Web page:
Manihot esculenta Crantz, commonly known as cassava, is a plant belonging to the class Malpighiales, Family Euphorbiceae, and genus Manihot. It is a plant of great economic interest, mainly in developing countries, as it has an important role as human food. Brazil is the second greatest world producer among 100 countries that grow cassava, and is responsible for 10% of the world production. Cassava is grown in all Brazilian regions, and it is used as raw material for cassava products [1] .

From the 98 known species of the family Euphorbiceae, cassava is the only one that is grown as food [2] . Cassava roots are energetic foods, presenting high levels of carbohydrates, mainly polysaccharides. In general, cassava has an average composition of 68.2% moisture, 30.0% starch, 2.0% ash, 1.3% protein, 0.2% fat, and 0.3% fiber [3] .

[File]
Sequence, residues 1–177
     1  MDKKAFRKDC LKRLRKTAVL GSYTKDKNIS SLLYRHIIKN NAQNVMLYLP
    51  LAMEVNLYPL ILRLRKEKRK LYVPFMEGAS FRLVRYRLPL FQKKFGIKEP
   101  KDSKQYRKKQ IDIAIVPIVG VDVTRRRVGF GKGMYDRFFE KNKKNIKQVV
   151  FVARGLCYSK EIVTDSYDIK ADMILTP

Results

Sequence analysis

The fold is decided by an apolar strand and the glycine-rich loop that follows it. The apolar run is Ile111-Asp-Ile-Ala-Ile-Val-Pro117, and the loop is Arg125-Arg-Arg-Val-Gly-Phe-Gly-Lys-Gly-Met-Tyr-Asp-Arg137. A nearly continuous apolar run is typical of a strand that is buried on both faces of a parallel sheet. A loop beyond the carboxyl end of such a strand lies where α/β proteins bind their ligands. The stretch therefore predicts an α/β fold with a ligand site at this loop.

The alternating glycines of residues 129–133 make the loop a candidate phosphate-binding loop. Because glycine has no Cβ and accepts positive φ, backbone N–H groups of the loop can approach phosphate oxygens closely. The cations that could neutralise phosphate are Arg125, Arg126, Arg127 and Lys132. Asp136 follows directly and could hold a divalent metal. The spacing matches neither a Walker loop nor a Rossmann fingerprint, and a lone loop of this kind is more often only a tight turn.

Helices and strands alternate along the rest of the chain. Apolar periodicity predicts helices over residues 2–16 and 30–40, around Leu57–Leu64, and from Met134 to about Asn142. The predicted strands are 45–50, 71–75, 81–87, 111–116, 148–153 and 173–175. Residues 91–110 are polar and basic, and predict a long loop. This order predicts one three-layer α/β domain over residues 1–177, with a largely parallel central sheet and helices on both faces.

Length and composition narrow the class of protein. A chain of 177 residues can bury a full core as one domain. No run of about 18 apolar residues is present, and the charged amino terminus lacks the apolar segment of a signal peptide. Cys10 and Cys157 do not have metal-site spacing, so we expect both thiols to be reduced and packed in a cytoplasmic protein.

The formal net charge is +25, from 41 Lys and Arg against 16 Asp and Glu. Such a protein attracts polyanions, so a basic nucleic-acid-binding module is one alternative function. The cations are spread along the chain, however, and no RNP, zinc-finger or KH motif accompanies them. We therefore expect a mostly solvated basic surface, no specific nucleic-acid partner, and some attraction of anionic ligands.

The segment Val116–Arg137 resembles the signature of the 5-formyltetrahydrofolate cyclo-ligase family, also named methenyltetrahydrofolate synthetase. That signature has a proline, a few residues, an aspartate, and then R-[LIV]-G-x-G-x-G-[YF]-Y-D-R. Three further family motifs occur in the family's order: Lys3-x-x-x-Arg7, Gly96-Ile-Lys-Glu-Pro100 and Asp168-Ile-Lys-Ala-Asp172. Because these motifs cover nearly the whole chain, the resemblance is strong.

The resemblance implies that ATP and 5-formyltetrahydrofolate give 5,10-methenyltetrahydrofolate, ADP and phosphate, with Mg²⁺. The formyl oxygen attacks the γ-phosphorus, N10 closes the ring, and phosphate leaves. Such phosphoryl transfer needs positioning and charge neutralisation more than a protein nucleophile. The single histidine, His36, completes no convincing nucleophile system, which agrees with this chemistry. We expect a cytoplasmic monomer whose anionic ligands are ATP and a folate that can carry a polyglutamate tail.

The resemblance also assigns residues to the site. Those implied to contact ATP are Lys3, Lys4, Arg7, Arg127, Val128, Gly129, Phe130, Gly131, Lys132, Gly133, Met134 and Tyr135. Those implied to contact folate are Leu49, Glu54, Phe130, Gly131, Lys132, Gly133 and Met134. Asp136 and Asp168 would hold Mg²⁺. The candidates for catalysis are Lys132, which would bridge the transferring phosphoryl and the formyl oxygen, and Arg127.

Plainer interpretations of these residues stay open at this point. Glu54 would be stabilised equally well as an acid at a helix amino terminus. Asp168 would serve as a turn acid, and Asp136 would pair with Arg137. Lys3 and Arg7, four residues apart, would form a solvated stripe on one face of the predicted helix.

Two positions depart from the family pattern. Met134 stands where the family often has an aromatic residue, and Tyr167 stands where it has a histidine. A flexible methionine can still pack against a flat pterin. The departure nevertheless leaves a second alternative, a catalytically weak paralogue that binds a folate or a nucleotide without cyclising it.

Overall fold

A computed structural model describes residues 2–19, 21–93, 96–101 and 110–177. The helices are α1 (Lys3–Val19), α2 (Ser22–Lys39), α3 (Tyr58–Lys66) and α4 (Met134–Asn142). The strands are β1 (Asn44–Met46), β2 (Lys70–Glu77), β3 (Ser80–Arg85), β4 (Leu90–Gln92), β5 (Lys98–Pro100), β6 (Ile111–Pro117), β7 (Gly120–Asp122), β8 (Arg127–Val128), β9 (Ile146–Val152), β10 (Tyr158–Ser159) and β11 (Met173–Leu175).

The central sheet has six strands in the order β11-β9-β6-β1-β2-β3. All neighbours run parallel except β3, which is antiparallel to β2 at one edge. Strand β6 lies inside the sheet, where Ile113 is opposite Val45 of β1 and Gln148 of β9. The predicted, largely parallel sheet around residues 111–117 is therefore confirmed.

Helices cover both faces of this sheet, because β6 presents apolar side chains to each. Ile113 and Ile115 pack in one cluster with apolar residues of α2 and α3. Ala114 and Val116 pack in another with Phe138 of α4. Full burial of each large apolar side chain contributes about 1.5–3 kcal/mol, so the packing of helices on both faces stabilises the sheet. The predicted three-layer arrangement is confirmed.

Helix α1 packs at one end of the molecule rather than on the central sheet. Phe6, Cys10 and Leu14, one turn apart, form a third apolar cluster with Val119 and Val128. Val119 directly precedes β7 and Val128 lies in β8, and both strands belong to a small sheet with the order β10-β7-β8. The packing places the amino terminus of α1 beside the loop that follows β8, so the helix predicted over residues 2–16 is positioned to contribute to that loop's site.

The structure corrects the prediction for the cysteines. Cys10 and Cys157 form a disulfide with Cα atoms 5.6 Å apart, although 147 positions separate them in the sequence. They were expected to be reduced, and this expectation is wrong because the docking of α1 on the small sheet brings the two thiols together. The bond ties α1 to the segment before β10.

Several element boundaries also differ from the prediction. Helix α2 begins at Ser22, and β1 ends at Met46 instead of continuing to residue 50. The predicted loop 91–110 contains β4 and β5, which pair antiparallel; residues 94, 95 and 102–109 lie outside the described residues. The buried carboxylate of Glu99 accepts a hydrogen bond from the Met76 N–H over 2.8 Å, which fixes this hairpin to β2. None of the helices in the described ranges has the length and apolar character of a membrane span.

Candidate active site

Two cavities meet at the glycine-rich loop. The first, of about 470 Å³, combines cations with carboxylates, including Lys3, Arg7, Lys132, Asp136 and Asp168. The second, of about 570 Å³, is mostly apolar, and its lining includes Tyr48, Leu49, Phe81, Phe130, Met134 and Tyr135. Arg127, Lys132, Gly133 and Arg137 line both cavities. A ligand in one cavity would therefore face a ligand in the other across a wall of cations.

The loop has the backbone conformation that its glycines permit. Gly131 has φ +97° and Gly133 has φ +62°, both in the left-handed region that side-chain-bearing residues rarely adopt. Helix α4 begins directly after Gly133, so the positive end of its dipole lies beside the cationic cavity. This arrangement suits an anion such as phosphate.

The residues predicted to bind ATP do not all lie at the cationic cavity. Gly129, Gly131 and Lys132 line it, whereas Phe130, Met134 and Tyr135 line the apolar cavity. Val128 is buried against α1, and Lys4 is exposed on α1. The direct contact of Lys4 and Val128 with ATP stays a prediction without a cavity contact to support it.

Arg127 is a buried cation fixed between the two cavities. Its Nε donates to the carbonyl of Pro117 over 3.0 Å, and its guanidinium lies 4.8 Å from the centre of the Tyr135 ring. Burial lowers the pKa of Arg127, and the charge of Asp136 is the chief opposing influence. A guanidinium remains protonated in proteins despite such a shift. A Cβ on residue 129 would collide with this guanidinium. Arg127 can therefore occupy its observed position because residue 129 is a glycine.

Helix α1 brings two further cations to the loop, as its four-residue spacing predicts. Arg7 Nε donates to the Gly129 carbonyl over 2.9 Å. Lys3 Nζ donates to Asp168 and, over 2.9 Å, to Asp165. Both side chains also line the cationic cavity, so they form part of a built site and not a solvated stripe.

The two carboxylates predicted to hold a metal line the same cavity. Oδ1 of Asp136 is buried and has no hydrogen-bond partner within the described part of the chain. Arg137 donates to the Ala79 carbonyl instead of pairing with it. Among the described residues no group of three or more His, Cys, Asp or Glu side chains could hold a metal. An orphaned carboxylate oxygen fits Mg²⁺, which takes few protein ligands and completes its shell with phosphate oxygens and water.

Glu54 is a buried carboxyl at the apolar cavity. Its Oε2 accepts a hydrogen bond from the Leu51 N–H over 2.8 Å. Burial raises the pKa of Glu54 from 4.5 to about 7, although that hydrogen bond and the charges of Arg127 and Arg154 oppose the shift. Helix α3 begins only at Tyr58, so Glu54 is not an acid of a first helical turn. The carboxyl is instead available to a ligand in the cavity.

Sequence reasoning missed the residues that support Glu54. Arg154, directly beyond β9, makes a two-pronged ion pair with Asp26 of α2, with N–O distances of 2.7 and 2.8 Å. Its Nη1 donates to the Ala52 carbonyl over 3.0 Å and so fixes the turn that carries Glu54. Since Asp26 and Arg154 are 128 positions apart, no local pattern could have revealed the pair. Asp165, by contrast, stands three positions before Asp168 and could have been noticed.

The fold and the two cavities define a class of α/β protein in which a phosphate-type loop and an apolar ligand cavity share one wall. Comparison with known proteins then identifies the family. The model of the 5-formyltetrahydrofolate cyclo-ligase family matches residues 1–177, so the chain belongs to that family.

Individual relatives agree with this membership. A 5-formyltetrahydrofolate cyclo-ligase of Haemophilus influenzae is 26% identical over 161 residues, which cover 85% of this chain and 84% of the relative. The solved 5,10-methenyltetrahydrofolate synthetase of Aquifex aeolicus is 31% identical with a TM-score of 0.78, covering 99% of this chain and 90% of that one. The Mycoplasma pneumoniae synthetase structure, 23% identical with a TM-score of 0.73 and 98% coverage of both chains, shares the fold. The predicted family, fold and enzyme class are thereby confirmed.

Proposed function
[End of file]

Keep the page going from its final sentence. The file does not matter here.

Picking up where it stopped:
Cassava species are classified in two groups, according to the difference in toxicity and palatability of the roots: sweet (slightly sweet; that is, plants that have less than 100 mg/kg cyanuric acid) or bitter (those that have a perceptible bitter taste due to the high concentrations of HCN, that is, values over 100 mg). There is no morphological characteristic that may tell these two groups apart [4] - [8] .

The most concrete difference between the sweet and bitter varieties is the type of use. Bitter cassava is used for flour, starch production, and other uses, but only after some type of detoxifying industrial process. Sweet varieties are more versatile, and may be processed similarly to bitter varieties, but they are also consumed after simpler preparations, such as boiling, frying, or roasting [9] .

Cassava belongs to the group of cyanogenic plants as it has cyanogenic glycosides and enzymes distributed in its roots and leaves in different concentrations. Cyanide (the chemical product that has a cyanide group-C≡N) leads to toxic acute and chronic effects on biological systems. When the cells of the cassava roots are ruptured, the enzyme linamarase degrades cyanide, releasing cyanuric acid (HCN), which is extremely toxic both to humans and animals [10] .